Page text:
Warning: Graphic content
Smeared and spattered blood was discovered in the apartment of the man accused of murdering British backpacker Grace Millane.
It was found on and under the carpet and in small drops on a small white fridge.
Sensitive luminol tests also revealed what appeared to be bloody footprints near the bed.
The blood, Crown experts told the High Court at Auckland yesterday, was hundreds of millions of times more likely to have come from Millane than anyone else.
A 27-year-old man, who has interim name suppression, is charged with murdering Millane during the weekend of her 22nd birthday last December.
The first week of his trial concluded yesterday.
Crown prosecutors allege that on the night of December 1 he strangled the young British woman to death in his CityLife hotel apartment after the pair had spent the night drinking.
Millane, a recent university graduate who was travelling the world, met her accused killer on the dating app Tinder shortly after arriving in Auckland.
A week after the fatal date, however, her body was found crammed into a suitcase and dumped in a shallow grave in Auckland’s Waitakere Ranges.
Yesterday morning Dianne Crenfeldt, an expert forensic scientist from the Institute of Environmental Science and Research (ESR), told the court about her analysis of the “probable blood staining” in the apartment.
One area was 70cm in diameter and also had some “circular smearing within it”, Crenfeldt said.
A smaller area of possible blood staining was found near the wardrobe and was 30cm in diameter.
This smaller circle, Credfeldt said, could have come from the base of a circular object such as a bucket.
No buckets, however, were found in the apartment during the police search.
The underside of the carpet and the concrete floor also showed “probable blood staining”.
Crenfeldt told the jury there was “strong support” for the proposition that a clean-up of blood had occurred in the apartment.
Evidence of a possible clean-up, she said, included circular marks, small drips of blood, footprints and smears.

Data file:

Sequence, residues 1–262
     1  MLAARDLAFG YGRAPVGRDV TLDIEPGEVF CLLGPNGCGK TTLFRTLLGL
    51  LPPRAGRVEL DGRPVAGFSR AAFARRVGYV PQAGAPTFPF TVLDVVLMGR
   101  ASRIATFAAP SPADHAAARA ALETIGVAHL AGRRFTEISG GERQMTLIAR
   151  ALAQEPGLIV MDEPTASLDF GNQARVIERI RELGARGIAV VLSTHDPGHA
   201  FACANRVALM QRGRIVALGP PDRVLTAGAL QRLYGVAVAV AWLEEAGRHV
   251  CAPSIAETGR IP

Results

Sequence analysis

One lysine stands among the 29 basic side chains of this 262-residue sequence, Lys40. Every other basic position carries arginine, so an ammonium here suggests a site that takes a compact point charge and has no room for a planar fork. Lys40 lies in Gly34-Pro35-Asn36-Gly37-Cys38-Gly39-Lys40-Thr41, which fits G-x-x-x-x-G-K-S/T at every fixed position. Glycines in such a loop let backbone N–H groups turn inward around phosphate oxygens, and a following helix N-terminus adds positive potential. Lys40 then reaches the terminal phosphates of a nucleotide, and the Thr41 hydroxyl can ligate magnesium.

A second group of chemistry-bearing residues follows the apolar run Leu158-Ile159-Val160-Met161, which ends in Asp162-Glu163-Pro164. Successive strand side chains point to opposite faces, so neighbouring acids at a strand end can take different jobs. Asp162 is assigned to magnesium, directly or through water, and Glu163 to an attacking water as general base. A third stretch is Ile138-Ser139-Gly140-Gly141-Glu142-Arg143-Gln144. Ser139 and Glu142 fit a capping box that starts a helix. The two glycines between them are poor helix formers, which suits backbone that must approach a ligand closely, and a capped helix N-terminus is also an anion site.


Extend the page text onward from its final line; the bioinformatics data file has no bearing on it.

However, she was unable to say when such a clean-up may have occurred or how much blood there originally was.
What Crenfeldt did say was it appeared “somebody with blood on their feet moved around the room.”
Crenfeldt said her investigation also found what she described as four visible blood spots on the fridge.
While she couldn’t date the spots, Crenfeldt said they looked to have been deposited during the same event.
She told the court it was likely caused by a “cast-off event”.
“Some object with blood on it moving through the air and leaving this line of small blood spots,” she explained.
Crenfeldt speculated that this could have been a person’s “hand moving through the air and blood flying off it”.
During cross-examination, the accused’s lawyer Ian Brookie said his client has told police he “encountered a small amount of blood on the floor and with the use of various cleaning products he went about trying to clean it up”.
On December 8 last year, Millane’s alleged killer gave a police interview in which he said the tourist was bleeding, the court has heard.
The accused said he had rough sex with Millane before he passed out in the shower.
“I crawled back into bed … I thought Grace had left,” the accused claimed.
When he woke, however, the accused said Millane was “lying on the floor, I saw she had blood coming from her nose”.
Turlough Thomas-Stone, an ESR forensic scientist, appeared to confirm the presence of Millane’s blood in the apartment.
He told the court DNA tests were conducted on probable blood stains found on the carpet, fridge and lining of a suitcase.
He said the blood spots on the fridge were “500,000 million times more likely to have originated from Miss Millane than another woman” with the same DNA profile.
This, he said, was “extremely strong scientific support” that the DNA belonged to Millane.
A mixed DNA profile was also obtained from the carpet underlay. It showed two people – a male and female.
Thomas-Stone said the major profile component of the DNA found corresponded with that of Millane, and was 300,000 million times more likely to her DNA and an unknown person than two random people in the general New Zealand population.
DNA found on the bag was 200,000 million times more likely to have come from Millane, he told the court.
The evidence of another ESR forensic scientist, Timothy Power, was undisputed and read by Crown prosecutor Robin McCoubrey.
Power said a sample taken from a spot of blood on a bottle found in the apartment was comparable to Millane’s DNA profile.
Statistically, he said, the likelihood it was Millane’s was 600,000 million times greater than other people in the general population.
The trial will resume on Monday morning with more Crown evidence.